But as soon we walked to the sea, our waist length in the water, the weight of cylinders became tolerable due to help from water’s buoyancy. There we were taught how to breathe through the mouth using the snorkel underwater. When we breathe in, there won’t be any noise. But when we breathe out, we can see the bubbles floating out of the snorkel. It was impossible to take our breaths for granted. We had to acknowledge and live each moment, each breath to the fullest. If in case our snorkel or the mask covering our nose got filled with water, there was an area in the upper portion of the snorkel that we had to press in order to eject the water. Also, our instructor showed us how to breathe out in a way that could help us to remove water, in case it goes inside our nose. We went underwater just near the shore, to practise our breathing lessons. It was difficult not to get swept away by the sea at this point. Because we were only half in water, and half outside. That way, waves constantly tried to overpower and make us fall. So all 3 of us plus divers stood with our hands held, to stand strong against the sea waves. But soon, we were confident with our breathing exercises and too excited for the dive that we were good to go.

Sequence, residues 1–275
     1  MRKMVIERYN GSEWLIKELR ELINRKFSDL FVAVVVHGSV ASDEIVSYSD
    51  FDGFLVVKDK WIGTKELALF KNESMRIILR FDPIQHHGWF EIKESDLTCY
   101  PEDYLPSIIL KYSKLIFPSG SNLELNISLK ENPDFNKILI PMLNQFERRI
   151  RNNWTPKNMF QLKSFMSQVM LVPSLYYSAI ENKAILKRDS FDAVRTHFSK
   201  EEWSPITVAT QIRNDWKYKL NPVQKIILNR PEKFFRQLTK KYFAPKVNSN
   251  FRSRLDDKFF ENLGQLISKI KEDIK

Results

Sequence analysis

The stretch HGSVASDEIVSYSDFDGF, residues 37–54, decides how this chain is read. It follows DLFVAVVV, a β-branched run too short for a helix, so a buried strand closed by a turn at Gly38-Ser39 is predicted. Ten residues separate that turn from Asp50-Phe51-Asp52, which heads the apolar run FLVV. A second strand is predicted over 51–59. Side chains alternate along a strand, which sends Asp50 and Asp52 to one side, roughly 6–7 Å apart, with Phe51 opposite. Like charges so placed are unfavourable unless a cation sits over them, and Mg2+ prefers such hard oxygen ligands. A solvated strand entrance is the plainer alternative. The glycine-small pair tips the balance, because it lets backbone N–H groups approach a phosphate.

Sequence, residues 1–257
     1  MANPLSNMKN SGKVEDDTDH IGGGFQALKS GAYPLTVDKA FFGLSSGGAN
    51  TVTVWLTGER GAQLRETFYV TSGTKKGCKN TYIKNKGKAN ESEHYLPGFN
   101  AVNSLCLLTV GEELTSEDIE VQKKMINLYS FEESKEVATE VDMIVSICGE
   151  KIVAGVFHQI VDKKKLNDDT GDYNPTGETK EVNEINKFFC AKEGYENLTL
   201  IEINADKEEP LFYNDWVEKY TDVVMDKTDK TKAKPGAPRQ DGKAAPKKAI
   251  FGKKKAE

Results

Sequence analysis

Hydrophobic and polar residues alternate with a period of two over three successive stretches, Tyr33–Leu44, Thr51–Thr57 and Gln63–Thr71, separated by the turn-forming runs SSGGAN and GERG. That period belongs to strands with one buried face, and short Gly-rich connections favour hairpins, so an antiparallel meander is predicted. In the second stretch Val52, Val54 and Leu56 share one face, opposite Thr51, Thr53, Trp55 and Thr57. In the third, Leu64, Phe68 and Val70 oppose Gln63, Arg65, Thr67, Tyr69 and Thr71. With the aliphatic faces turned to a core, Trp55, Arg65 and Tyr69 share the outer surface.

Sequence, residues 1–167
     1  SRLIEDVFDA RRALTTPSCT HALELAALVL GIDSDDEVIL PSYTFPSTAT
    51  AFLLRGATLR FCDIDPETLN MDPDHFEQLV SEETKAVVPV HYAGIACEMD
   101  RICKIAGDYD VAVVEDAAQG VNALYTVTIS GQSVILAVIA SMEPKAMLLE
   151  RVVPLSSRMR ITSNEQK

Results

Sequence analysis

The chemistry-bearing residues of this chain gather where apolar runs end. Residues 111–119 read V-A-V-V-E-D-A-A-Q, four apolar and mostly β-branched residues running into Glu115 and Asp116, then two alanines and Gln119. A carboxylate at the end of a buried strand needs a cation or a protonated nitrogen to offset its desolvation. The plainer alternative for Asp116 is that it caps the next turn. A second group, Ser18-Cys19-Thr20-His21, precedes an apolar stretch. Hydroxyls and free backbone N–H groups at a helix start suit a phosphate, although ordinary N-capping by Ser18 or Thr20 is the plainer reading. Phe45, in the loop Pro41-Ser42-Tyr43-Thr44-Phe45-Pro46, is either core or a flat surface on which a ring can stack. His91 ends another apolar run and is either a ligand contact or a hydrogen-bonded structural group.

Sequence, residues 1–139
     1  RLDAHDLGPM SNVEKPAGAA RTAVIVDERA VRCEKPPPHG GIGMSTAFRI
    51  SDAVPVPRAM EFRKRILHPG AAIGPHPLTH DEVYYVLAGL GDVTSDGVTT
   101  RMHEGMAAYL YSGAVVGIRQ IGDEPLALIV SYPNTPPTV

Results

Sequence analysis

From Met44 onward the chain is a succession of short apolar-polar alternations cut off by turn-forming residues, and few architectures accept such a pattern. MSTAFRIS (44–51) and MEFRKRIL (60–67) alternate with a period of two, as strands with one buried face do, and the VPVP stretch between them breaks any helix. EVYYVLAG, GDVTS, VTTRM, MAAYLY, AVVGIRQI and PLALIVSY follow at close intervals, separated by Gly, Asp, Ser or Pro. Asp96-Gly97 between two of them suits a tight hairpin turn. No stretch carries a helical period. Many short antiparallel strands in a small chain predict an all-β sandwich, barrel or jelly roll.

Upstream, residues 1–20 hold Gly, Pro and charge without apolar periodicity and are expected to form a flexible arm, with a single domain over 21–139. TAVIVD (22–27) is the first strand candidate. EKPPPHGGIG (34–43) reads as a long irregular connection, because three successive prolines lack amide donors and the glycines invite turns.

Each of us got a trained diver to guide us underwater, to make sure we didn’t drift away. We were only allowed to go 16 feet deep. Yet, we were so thrilled when the diver adjusted our buoyancy control in such a way that we could drown. That’s the best part about diving when compared to swimming, I felt. When we are swimming we need to constantly try to stay afloat. That is a struggle because that requires a lot of manpower. Whereas sinking or drowning was the norm in diving. Our apparatus helped us with that. Usually in movies,  they show that instructors take us a few miles into the sea in a small boat and then we have to jump. I guess they were doing it in greater depths, say more than 30 feet. But since we were only doing a 16 feet deep dive, we walked from the shore to the sea till we were drowned and then till we reached the 16 feet depths.